We all spend time in a Closed Mindset, but if we change the language we use to keep us there, we can be pleasantly surprised by the results.
In this fourth March short Podcast, I ask you to challenge your Mindset Language.
I’m Dinah Liversidge and I’m a Coach and Trainer, a Celebrant and co-host of The Charcoal Hut, a woodland cabin in Myddfai, Carmarthenshire. I’m also a no-box-thinker. I believe when we stop trying to ‘think outside the box’ we take away labels and limitations that were always an illusion. There never was a box.
I love being a Coach, a Celebrant and a Host. All these aspects of my life help me achieve that illusive ‘work-life balance’ so many seem to be striving for. Join me in Myddfai in our woodland garden for a #MyddfaiMinute and listen to one minute of birdsong. I hope it brings you some peace.
If you’d like to explore Coaching, take a look at my Mindset Coaching here.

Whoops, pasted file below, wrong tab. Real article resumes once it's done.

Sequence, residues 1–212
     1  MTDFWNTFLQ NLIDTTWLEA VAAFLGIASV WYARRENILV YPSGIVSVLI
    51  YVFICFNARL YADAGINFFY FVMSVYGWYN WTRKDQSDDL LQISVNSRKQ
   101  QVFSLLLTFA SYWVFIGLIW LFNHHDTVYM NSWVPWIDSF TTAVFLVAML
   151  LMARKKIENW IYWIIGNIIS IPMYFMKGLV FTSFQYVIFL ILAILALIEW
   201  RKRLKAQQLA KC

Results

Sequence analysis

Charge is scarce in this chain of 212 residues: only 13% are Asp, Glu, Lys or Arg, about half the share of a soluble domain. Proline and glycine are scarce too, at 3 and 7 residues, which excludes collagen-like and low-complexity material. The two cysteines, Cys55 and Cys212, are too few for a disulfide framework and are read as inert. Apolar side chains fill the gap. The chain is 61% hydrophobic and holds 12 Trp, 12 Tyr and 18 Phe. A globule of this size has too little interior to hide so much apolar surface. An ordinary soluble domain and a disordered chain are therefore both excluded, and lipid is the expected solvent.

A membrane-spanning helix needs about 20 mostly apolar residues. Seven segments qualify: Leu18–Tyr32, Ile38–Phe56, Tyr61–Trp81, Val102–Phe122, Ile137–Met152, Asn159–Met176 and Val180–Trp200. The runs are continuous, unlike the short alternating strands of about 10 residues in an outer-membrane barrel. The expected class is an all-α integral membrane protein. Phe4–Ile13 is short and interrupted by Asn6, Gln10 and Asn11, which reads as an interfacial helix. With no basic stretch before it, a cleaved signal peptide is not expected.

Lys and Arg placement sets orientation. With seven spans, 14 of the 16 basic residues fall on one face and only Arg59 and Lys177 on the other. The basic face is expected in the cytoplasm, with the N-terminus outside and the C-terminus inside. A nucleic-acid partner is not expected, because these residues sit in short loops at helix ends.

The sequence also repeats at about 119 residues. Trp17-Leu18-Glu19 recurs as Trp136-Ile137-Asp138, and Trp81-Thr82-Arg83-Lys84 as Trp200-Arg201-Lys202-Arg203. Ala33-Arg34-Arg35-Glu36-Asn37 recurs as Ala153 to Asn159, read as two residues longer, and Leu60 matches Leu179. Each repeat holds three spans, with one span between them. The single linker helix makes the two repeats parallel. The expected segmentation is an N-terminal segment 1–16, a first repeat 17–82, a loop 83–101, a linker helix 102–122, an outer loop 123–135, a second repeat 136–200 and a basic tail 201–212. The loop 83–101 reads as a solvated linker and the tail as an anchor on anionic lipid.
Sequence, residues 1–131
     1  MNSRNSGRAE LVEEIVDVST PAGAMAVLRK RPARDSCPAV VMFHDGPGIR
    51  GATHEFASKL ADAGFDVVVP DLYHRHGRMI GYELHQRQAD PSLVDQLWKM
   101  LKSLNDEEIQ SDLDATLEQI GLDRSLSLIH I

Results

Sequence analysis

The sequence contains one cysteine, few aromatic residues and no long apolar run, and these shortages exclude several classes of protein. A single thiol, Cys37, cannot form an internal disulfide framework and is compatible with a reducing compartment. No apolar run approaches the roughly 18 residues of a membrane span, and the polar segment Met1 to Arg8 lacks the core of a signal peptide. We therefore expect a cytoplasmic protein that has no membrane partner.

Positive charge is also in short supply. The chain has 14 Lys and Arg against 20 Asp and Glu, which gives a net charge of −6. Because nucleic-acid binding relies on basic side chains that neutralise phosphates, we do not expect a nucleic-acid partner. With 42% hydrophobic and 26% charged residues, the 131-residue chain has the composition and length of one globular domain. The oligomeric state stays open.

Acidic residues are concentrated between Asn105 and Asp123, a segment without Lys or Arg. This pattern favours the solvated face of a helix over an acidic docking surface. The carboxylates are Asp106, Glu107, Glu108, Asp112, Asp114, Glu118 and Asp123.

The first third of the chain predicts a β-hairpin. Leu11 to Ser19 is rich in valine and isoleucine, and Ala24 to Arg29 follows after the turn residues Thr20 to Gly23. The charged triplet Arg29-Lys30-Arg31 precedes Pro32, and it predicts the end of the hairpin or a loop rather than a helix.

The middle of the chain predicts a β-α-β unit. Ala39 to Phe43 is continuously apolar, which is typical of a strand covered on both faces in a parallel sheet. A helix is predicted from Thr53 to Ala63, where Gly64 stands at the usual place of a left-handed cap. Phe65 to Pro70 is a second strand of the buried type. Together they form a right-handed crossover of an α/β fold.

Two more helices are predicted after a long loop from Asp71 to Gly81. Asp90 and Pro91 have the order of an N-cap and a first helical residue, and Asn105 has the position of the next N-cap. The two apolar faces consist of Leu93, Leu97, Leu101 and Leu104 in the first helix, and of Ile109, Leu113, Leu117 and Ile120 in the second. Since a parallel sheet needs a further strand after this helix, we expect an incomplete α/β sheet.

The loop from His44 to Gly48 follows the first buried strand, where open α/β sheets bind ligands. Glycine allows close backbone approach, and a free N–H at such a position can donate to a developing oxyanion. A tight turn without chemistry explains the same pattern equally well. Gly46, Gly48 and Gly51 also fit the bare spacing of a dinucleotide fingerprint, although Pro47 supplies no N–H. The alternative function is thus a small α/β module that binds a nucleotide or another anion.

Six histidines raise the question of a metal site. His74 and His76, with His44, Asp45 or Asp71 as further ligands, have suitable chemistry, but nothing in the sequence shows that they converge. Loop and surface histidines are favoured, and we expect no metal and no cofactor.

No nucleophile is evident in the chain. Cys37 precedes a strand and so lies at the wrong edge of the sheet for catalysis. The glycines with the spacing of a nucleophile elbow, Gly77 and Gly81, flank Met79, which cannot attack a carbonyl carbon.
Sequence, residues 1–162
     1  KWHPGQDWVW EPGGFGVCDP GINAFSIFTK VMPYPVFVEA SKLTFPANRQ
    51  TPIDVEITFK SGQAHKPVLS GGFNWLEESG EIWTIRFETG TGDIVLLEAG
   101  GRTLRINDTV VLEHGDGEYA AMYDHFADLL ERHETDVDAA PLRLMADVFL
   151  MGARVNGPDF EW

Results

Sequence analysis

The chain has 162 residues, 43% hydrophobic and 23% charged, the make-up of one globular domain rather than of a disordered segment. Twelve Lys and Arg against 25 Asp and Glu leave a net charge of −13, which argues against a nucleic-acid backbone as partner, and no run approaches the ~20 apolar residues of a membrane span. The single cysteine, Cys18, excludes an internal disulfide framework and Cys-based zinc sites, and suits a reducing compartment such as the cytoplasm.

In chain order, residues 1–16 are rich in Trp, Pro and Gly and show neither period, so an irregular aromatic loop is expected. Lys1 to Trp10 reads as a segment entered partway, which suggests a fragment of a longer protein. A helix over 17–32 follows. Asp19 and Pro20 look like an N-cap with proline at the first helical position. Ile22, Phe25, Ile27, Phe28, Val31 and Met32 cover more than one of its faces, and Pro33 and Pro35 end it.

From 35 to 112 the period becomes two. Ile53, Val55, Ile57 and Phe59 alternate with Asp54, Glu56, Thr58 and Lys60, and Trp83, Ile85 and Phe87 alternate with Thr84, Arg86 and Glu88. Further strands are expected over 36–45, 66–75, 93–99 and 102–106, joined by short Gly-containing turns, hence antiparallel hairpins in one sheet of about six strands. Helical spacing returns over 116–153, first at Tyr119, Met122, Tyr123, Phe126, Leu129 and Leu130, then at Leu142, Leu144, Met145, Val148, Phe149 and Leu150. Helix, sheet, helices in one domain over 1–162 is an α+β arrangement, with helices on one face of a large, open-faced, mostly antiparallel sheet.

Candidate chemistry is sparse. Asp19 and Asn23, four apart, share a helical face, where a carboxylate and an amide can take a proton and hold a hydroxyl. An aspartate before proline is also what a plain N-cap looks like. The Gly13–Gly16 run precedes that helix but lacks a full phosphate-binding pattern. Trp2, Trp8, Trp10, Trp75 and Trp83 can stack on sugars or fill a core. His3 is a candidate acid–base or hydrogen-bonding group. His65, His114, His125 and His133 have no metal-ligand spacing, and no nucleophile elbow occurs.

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Hi there I'm Dinah Liversidge . Thanks for joining me on my no box thinking podcast. In this episode, the fourth in the series of 10 for March, I'm still focusing on how we can learn a new language to support our mindset. And today my focus is on the words that you repeat to yourself that are reinforcing your closed mindset. Now, none of us likes to think of ourselves as having a closed mindset, but as I've said in previous episodes, I see mindset as an ever changing and flowing thing. You're not a mindset unless perhaps you are a real narcissist, but most of us are a constant flow and AB between the different mindsets, depending on the situation we find ourselves in the mood we've picked that particular day. And also of course our history in the situation or the people that we're interacting with. So it is fair to expect that at least some of the time we are in a closed mindset and it it's often really, it's kind of most apparent when we get feedback from somebody that isn't a hundred percent positive. Now there will be occasions where our impostor mindset kicks in and kind of uses that evidence and says, see, I told you I was bad at that, but when we're in our closed mindset, we hear the negative and we feel that it's very critical. And often with the closed mindset in place, we think it's unjustified. So we become defensive. We look at ways to either belittle the person, giving us the feedback, or at least in our own mind, dismiss them as an unimportant opinion. Now, the dangerous thing about this is we're missing an opportunity for learning. If we hear criticism one way or in an open or growth mindset, we see it as a chance to do it better next time to learn from our mistakes. But when we're in a closed mindset, we're not even really acknowledging or owning the mistake. And we use words that keep us there. We'll say things like, what does he, what gives her the right to tell me that? And that language actually needs to be challenged. And you need to give the evidence that, that sarcastic, sarcastic question you're asking yourself actually should be given, which is, well, let's look at the evidence. They do have a right to comment. I was watching a program recently in which somebody was asked for their feedback on food that someone had cooked. And the feedback was very negative. And the cook, the chef said, well, they've got no right to comment. They're not chefs, but they were his customers. So while they may not be an expert in cookery or knowing how to prepare a dish, like a chef word, they're certainly experts in eating it. And they're also experts in knowing what they like, which clearly he wasn't. But because he was in that very closed space and being very defensive, he wasn't hearing look, we're giving you a chance to improve. I remember in my very early twenties, I was working , uh , for somebody at SmithKline , um, who was absolutely brilliant at what he did, but not particularly great at communicating. Um, he was not, not good at the soft skills. Let's put it that way. And he gave me some feedback once on a piece of work I'd done that took my breath away. It was done in such a cold and harsh way that I really thought my goodness. He just thinks I'm useless at my job. And after sitting at my desk feeling really upset for a few minutes, he came out of his office and looked at me and looked quite kind of, Oh goodness. You know, do I need this? I can see how I've upset her . And he said, I've upset you have an eye. And I said, yeah, yeah , that , that was hard to listen to. And he said, if I didn't think you were way better than that piece of work, if I didn't think you were worth me giving you the feedback to allow you to improve, do you really think I'd have wasted my time on it? And he helped me see that actually, when we get feedback back like this from somebody it's our chance to do better. And if they don't think we're capable, they just won't bother to tell us. So I moved from a closed and then imposter mindset to a really, really growth mindset about now. Sure. It can still feel uncomfortable and even humiliating. But if you can take a deep breath and step out of your closed space and say, what does give this person the right to tell me this? Um , why might they be bothering? What did they see in me that perhaps I don't see in myself. I wonder if any of that feels appropriate to you. I wonder if you can recall times where that defensive closed mindset has meant you then have to go on to keep learning that lesson until you're ready to hear it. Thank you for joining me in the next episode. I'm going to look at how you can start a new language for your mindset. I hope you'll join me and I hope you'll keep remembering. You don't need to try and think outside the box when you realize there is no box.